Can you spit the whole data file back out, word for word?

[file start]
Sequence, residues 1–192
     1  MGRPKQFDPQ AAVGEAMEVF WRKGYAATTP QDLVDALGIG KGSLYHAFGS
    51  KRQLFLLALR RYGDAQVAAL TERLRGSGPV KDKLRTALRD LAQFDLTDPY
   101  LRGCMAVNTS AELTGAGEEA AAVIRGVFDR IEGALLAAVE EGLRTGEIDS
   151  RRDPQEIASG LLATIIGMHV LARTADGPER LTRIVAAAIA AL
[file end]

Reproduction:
Sequence, residues 1–192
     1  MGRPKQFDPQ AAVGEAMEVF WRKGYAATTP QDLVDALGIG KGSLYHAFGS
    51  KRQLFLLALR RYGDAQVAAL TERLRGSGPV KDKLRTALRD LAQFDLTDPY
   101  LRGCMAVNTS AELTGAGEEA AAVIRGVFDR IEGALLAAVE EGLRTGEIDS
   151  RRDPQEIASG LLATIIGMHV LARTADGPER LTRIVAAAIA AL